Czechs and their very messy ways of waste separation

In Economy, Nature, Technology on January 5, 2011 by Petr Bokuvka Tagged: , , ,

Good news first: according to Eurostat figures, Czechs are number one on the list of European countries when it comes to waste separation, especially plastic bottles. Special bins (yellow for said bottles, blue for paper, green for glass, etc.) were hard to find some five years ago but now they are everywhere. And now for some bad news: in order to separate waste for the purpose of recycling, some people make terrible mess that is nothing but eyesore for a couple of days. And employees of the companies that empty the special bins into dedicated trucks have to clean it up.

The picture above says it all. It was taken on January 3. Three days after the celebrations of the new year thousands of households had to get rid of empty alcohol bottles. And since the green bins had already been overflowing, some messy people decided not to take their own garbage back home — they decided to make it other people’s problem by placing the bottles around the already full bins. This is not an unusual (“January 1-only”) sight. Many bins get full faster than expected and the recycling companies don’t have enough time and capacities to empty them more often.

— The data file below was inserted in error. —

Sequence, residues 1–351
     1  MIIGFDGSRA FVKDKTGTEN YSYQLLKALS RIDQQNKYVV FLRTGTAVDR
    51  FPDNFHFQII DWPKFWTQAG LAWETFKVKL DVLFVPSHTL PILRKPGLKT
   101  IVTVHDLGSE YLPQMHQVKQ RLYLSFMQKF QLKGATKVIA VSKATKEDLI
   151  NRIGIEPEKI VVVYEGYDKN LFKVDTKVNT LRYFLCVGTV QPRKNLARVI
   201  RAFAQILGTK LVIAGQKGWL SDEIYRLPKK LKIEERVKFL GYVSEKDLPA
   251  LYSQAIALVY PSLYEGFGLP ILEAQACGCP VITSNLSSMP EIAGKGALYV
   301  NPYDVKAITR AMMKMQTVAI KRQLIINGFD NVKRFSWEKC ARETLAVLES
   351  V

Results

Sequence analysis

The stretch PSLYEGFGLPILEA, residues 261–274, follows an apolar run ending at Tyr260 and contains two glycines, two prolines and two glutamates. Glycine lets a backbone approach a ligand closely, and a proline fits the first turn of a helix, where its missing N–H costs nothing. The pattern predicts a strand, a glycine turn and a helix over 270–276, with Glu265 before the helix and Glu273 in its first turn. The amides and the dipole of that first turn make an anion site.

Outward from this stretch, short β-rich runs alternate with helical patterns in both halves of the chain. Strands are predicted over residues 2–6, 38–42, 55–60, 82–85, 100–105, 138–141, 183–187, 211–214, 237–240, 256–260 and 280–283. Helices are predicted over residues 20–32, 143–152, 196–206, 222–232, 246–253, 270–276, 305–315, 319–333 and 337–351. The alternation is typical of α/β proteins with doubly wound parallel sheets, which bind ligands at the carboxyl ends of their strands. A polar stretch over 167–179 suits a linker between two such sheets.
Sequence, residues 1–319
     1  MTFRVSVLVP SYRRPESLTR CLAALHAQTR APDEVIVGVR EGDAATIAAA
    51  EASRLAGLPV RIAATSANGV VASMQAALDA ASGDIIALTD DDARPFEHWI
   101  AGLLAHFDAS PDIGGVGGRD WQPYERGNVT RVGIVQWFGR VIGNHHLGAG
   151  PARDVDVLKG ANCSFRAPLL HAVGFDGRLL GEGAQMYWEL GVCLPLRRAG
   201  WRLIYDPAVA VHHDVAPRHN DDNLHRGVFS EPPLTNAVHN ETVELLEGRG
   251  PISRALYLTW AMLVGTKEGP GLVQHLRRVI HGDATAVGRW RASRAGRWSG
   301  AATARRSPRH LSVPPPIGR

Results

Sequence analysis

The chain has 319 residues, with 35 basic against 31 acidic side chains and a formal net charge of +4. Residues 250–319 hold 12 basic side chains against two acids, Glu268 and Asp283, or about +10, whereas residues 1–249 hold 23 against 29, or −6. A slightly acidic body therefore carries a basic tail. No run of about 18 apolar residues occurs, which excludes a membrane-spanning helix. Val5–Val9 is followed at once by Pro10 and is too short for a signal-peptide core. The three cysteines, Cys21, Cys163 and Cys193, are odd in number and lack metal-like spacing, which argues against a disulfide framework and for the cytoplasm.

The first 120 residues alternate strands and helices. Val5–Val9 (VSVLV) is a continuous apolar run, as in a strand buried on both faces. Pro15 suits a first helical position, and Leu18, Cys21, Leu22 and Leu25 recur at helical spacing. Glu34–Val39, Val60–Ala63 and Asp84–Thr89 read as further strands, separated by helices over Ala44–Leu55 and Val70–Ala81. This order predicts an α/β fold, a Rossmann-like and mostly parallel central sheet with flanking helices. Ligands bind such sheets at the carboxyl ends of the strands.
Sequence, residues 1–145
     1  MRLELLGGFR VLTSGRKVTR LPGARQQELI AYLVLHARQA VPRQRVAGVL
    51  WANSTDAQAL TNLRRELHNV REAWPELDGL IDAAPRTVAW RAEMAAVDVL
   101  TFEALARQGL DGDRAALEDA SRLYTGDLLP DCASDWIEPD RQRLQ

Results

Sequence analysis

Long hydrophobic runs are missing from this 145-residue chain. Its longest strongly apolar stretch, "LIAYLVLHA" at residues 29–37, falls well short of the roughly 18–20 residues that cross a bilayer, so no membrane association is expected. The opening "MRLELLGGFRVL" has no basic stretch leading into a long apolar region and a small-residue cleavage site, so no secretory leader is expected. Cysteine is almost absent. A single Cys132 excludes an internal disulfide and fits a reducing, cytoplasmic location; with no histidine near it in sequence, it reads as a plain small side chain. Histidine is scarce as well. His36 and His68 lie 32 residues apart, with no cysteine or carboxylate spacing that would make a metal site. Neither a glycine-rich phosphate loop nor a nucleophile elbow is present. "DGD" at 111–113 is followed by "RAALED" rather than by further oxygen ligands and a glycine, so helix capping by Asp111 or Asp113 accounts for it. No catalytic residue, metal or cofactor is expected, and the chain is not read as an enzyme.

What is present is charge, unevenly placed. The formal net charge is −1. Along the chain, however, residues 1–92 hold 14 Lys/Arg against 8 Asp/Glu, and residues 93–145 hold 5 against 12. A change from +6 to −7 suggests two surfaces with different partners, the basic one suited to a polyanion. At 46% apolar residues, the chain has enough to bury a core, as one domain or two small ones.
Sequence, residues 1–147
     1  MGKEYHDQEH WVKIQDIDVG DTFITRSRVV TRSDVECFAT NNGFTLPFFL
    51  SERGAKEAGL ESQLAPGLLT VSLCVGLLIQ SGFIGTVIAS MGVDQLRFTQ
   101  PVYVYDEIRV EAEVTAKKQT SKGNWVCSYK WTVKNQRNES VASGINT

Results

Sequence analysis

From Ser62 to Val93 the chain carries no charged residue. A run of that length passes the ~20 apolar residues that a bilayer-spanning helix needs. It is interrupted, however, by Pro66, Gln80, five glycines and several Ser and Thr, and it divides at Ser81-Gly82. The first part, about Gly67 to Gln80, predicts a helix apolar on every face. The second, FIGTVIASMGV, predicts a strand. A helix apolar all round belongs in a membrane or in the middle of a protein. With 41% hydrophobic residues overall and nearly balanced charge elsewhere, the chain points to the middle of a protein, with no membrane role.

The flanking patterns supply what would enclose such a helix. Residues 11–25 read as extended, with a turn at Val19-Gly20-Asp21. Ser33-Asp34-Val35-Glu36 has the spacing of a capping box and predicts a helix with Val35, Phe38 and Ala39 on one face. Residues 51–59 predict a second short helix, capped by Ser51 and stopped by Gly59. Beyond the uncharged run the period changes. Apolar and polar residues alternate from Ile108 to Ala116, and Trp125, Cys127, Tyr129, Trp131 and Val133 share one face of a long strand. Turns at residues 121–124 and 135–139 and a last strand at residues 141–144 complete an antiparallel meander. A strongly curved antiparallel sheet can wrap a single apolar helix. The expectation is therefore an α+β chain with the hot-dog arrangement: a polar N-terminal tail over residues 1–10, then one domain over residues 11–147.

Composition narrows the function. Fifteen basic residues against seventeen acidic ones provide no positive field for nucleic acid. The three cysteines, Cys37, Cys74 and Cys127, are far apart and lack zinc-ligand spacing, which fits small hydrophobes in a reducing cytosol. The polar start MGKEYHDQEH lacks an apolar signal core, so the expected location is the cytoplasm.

Despite the positive statistics, lately some people have become frustrated when they learned that sometimes the separated waste is taken to dumps anyway: when companies that use plastic fibre need much less for their production. According to the financial news server several Czech companies even began selling their trucks and laying off people.

2 Responses to “Czechs and their very messy ways of waste separation”

  1. czech is really great at re-cycling…i live in pisarov….our mayor…comes and fetches all our seperated waste and sells it…that way he gets all the people involved..cus we make money ..spent on cultural things……thats the way forward….

  2. I wouldn’t take my garbage back, either. It’s not the poor garbage service people – it’s the private companies that get tax payers’ money to remove the stuff. they know exactly that after such holidays as New Year etc. there’s increased affluence of garbage – so it’s their duty to increase capacity. if the garbage bins don’t spill over, nobody will see the need of increased capacity – and if people get fed up with the insufficient system they’ll stop separating and dispose of their garbage into the regular waste containers. That’d be contraproductive.

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